Yes, the only thing common between a motorcycle tyre and tyres for other automobile applications, say cars, is that they both are mounted on rims and are made of rubber. Seriously! Of course there’s common construction (cross ply or radials), common terminology (bead, tread and crown) and common elements (bead only here) but a motorcycle tyre is unique in many ways in the automotive world. The loads on a motorcycle are concentrated and intense which calls for a different construction method and design premise. This intrinsic need for such extreme performance makes motorcycle tyres inherently more expensive than comparable car tyres, when compared weight to weight and size to size.
Power Loading: Let us consider a powerful 150 bhp motorcycle and compare the way its tyres are expected to perform compared to a high performance cars’. A 300 bhp car typically has some 90 square inches of contact area or so to put down its power while the motorcycle cited above has (say with a 180 section rear tyre) barely 15 square inches (about 1/5th of that for the car) of rubber to do the same. And the motorcycle tyre could at times be doing this while banked into a turn!
More impressive is this performance when we take braking into consideration. Our 150 bhp scorcher will accelerate from stand-still to 100 kmph within 3-4 seconds. This is a very dramatic loading of the rear tyre contact patch but more drama exists when braking is considered. The same bike has a 140 section front tyre which means it has a smaller contact patch. Braking is negative acceleration and the same bike can brake from 100 kmph to zero on good dry tarmac in less than 3 seconds. Since almost 100% of the braking force comes from a motorcycle’s front brakes (due to the forward weight transfer under braking and thus increased traction), the smaller front contact patch is even more heavily loaded under braking as the same motorcycle is being stopped in less time that it took to speed up! The front 120 section, with its smaller contact patch, is in effect transferring a lot more tractive power to the road compared to the rear tyre.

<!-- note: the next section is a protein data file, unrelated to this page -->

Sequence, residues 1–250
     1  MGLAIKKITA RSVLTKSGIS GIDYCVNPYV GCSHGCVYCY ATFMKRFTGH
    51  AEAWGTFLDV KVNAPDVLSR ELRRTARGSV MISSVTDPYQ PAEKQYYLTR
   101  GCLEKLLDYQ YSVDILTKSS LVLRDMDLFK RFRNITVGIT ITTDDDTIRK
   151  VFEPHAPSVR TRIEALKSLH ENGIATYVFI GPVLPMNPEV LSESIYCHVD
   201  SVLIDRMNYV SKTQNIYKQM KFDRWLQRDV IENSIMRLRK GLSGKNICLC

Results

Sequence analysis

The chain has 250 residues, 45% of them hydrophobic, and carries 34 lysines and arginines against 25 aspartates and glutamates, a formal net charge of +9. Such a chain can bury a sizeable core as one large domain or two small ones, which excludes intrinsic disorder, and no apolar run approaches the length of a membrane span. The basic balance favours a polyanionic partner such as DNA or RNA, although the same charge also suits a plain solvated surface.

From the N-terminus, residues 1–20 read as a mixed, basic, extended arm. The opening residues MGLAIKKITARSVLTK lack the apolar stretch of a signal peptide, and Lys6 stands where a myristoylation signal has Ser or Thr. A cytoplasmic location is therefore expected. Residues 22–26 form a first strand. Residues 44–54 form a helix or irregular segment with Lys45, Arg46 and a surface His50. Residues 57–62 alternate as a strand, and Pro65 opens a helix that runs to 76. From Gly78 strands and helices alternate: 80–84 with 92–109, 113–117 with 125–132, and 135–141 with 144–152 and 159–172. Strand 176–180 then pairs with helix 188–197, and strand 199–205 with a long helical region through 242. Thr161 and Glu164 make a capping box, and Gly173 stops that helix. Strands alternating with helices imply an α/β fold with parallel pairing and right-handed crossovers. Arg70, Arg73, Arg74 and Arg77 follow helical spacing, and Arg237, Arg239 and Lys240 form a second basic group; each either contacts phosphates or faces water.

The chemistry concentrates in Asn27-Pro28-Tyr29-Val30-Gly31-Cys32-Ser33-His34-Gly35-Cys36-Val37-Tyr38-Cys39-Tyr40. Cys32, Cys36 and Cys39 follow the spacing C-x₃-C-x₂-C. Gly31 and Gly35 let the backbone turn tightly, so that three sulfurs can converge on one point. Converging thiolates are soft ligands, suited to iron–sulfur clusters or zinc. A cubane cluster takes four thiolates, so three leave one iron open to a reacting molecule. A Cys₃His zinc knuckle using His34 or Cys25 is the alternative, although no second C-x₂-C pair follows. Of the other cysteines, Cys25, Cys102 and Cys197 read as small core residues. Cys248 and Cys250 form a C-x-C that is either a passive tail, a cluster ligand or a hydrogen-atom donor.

Ratio of contact pressure vs inflation pressure: There’s another measure of the exceptionally high load concentration motorcycles tires are subject to. This results from comparing the pressure on the contact patch versus the tyre inflation pressure. In simpler terms how strongly must the tyre resist and push against the loads put on it. This load comparison is not in terms of the total weight the tyres carry (the trucks carry hundreds of times a greater weight) but in terms of the loading per unit contact area. For example the contact pressure to the inflation pressure ratio of a motorcycle tyre can be up to 1.4 as compared to 0.8 for a typical truck tyre and around 1 for a passenger car. What this means is that a motorcycle tyre inflated at say 30 PSI and having a contact patch area of about 14 sq inches should be capable of supporting about 180 kgs but in reality we find the tyre usually ends up carrying (180 x 1.4) i.e. almost 250 kgs. Compare that for a truck and for a contact patch spread over 80 sq inches and inflated at 75 PSI, it can support around 2700 kgs but in reality there’s typically not more than 2000 odd kgs on each tyre. Such intense concentration of loads calls for special construction details in a motorcycle tyre compared to other vehicles.